I am involved in another first in my professional career: writing a scholarly chapter via wiki. The volume is dedicated to computer-assisted language learning in the age of Web 2.0 and I have been selected (well, not a sure thing yet, until the chapter is completed and peer-refereed) to contribute a piece on the Web 2.0 apps I use to teach Italian.
Now, I am a very self-conscious person in general, and when it comes to my writing, the process for me is very long because I write, edit, rewrite, reedit, then rewrite again…well, I think you get the message.
My dilemma, of course, is just part of who I am: this is an unfinished opus that will be read by a number of people, including those not involved in the project because wikis by nature are open platforms and accessible to all who come across the site. This too bothers me because I am concerned with intellectual property. What happens if someone who is interested in technology and is in a similar/related field runs off with my work in progress and makes it theirs, and can do so using the creative commons licenses as justification? I was so miffed already to see that an article will be appearing on the topic of my chapter and the groundwork already laid out for educational networking by many scholars who use this Web 2.0 app.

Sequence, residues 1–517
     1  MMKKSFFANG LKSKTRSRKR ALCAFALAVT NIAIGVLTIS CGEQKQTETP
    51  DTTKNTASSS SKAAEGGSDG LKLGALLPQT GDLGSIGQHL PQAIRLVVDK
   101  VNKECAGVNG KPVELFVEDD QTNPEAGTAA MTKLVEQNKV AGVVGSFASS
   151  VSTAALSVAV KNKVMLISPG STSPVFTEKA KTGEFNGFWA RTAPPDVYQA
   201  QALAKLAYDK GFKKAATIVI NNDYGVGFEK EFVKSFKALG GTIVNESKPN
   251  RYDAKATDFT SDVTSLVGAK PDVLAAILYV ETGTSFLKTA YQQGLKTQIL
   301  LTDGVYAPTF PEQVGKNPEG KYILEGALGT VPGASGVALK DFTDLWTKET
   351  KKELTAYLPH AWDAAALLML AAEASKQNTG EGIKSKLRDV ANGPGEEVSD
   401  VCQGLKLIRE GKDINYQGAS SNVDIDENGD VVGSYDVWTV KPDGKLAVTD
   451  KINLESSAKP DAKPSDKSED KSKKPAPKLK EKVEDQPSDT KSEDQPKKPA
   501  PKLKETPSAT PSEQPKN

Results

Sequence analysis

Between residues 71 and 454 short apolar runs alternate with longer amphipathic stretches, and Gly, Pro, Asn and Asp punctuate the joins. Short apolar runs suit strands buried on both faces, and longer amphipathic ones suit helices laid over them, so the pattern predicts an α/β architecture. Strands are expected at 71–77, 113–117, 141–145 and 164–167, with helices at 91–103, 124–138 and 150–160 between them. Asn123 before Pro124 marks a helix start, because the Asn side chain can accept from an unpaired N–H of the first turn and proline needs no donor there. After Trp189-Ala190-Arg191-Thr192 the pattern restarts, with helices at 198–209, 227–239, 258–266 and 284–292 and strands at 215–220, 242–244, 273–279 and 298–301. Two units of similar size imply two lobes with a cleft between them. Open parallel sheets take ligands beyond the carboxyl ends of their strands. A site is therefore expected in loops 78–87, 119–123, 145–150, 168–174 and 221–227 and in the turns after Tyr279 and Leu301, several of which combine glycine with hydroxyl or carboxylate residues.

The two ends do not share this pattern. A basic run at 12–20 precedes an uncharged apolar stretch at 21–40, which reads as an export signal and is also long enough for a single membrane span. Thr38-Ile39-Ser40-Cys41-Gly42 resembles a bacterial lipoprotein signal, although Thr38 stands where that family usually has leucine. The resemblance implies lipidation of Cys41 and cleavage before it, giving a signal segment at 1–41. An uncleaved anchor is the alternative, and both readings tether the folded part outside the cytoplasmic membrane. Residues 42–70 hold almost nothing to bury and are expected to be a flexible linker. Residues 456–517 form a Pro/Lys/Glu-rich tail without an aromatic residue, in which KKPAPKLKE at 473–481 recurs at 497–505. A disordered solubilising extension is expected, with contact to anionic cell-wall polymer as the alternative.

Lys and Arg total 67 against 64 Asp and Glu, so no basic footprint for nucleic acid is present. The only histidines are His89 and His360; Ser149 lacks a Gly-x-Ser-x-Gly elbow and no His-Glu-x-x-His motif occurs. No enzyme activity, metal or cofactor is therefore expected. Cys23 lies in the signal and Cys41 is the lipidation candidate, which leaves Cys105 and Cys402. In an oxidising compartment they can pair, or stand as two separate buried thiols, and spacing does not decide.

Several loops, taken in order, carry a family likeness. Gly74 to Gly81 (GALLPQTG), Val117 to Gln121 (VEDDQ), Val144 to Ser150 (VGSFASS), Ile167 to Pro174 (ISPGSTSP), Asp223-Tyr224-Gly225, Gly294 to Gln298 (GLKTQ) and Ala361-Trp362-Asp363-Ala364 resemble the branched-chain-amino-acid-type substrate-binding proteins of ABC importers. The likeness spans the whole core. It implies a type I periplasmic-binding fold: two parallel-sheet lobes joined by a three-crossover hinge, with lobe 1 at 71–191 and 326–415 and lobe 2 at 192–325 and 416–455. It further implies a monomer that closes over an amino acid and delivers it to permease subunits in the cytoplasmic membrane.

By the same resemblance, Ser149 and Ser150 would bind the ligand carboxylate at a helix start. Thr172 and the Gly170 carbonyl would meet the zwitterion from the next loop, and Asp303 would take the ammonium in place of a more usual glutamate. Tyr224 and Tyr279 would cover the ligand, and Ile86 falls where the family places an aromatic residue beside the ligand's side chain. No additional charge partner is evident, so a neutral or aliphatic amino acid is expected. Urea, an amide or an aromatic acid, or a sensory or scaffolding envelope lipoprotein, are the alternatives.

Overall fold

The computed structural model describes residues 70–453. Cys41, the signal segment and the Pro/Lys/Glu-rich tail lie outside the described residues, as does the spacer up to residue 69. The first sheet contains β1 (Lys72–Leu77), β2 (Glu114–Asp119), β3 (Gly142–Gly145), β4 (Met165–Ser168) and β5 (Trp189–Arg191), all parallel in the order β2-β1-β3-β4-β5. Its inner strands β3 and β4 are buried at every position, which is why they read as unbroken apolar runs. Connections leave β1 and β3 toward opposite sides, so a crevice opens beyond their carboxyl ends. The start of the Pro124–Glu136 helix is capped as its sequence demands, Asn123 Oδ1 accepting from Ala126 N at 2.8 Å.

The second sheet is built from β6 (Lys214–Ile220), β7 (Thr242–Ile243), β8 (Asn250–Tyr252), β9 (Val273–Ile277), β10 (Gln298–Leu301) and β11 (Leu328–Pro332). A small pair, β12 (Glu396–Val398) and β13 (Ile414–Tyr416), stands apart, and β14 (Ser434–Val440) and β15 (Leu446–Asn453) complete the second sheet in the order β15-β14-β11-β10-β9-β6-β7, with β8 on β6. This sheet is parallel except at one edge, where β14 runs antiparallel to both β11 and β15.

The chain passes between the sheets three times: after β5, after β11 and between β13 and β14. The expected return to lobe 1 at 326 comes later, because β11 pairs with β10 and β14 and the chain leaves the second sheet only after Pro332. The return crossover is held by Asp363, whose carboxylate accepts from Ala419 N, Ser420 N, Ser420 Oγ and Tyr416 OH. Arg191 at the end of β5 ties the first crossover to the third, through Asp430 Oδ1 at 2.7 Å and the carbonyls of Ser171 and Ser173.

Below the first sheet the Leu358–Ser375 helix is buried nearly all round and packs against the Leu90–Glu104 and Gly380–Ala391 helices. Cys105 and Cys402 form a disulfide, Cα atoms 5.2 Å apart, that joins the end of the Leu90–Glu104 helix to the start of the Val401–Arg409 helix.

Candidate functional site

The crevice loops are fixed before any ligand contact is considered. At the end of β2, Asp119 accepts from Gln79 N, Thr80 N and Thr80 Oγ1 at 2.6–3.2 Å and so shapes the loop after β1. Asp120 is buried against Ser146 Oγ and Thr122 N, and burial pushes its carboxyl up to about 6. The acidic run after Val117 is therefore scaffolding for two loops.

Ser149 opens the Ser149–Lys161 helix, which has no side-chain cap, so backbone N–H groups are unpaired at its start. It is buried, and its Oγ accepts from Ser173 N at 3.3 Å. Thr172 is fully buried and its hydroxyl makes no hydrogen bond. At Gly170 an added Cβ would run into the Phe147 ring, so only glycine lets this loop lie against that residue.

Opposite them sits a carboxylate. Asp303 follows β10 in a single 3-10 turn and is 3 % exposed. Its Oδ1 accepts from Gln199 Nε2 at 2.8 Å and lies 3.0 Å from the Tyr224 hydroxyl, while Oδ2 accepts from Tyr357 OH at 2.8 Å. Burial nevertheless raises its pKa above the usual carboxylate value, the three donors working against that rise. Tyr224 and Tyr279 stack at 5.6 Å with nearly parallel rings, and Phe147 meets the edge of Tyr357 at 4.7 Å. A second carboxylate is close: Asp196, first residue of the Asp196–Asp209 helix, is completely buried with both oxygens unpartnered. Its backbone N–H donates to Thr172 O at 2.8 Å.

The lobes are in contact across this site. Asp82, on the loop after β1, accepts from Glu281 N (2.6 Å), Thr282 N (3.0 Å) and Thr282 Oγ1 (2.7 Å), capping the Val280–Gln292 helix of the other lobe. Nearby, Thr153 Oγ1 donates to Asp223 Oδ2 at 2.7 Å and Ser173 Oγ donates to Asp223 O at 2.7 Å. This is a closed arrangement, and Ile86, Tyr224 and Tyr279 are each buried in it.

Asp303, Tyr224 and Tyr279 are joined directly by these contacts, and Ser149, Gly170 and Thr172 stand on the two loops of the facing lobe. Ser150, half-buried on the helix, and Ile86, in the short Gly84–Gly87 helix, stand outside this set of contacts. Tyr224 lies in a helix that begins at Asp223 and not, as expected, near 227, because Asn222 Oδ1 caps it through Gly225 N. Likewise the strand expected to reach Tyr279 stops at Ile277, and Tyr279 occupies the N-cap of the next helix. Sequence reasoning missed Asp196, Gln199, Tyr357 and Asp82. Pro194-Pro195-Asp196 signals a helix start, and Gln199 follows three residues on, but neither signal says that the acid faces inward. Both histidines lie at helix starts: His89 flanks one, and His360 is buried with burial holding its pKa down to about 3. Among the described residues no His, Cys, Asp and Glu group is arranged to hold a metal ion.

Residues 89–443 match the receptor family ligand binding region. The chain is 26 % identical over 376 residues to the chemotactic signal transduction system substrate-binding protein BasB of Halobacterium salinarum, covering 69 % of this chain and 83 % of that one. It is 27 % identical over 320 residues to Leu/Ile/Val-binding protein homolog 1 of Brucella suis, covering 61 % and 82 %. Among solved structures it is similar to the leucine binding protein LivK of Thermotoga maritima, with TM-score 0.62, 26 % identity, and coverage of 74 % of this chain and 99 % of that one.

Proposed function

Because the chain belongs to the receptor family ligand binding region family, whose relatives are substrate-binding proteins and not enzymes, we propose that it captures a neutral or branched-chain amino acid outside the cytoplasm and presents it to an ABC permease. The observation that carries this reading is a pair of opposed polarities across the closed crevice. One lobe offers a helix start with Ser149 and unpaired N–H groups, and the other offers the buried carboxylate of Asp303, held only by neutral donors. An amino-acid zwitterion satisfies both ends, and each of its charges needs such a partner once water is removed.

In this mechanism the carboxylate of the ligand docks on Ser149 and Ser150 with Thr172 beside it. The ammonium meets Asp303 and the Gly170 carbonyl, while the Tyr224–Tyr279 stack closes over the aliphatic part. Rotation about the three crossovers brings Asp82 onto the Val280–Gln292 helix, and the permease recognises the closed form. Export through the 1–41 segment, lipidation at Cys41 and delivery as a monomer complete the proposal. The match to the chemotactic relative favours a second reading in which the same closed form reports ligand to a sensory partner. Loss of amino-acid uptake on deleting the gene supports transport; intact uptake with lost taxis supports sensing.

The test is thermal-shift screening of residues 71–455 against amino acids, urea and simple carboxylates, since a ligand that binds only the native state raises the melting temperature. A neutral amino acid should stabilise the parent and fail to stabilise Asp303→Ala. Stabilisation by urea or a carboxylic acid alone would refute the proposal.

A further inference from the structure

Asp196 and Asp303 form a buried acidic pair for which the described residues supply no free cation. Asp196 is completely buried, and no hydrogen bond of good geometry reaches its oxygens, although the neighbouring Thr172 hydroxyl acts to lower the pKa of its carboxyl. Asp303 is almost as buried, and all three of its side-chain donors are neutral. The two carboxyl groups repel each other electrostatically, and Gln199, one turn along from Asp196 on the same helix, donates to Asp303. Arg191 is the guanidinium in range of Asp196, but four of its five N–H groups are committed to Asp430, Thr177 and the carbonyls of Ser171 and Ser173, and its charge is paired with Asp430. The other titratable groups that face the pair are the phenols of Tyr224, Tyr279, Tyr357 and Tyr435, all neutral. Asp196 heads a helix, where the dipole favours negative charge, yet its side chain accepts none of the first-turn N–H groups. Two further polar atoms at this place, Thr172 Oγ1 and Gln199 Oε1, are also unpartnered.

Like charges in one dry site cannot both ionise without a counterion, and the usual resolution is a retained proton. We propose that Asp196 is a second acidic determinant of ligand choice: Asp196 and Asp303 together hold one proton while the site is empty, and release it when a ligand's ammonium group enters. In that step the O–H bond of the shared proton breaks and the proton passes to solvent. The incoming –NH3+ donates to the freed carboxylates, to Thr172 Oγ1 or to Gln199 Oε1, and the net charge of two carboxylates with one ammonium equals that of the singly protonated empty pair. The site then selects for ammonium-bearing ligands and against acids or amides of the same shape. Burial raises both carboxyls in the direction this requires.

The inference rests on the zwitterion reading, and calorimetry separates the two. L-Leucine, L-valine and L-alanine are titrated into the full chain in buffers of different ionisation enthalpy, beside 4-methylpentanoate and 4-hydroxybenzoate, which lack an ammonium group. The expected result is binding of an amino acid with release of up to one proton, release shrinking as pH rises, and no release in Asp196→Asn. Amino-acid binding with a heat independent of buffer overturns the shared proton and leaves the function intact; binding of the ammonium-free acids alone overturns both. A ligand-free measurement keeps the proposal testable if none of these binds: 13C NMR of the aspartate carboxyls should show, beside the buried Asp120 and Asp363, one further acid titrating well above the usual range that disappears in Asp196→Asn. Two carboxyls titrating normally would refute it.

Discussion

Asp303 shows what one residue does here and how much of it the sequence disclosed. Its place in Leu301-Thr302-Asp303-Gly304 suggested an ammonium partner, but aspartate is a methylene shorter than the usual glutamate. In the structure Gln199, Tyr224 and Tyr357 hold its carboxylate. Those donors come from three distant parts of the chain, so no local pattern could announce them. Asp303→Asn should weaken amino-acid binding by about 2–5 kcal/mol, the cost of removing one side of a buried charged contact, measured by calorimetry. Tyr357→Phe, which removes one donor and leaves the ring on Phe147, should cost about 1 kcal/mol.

To add a bit of salt to my overly sensitive wound of publicly exposing my work in progress, there are certain expectations made of the contributors to actively read and comment/leave suggestions on a minimum of two contributions to the volume. So in addition to writing, we are also peer-reviewing, to a certain degree.
Why did I agree to contribute my chapter given these comments? Academia is currently in a state of flux with respect to Web 2.0 in scholarship (see almost any issue of Wired Campus). To be on the forefront of what may be the next wave of scholarly writing may give me some insight and put me at the forefront of this new generation (at least in my area of specialization). Also, being able to see what my fellow contributors are doing and being in a position to discuss with them, if we deem it necessary, our respective work may in fact enlighten our research and writing in the end. The opportunity to network academically on this common project may just be beneficial in the long run.
At this point of the project, I have a love-hate relationship with wikis. I’ll update you by summer’s end to let you know my final verdict.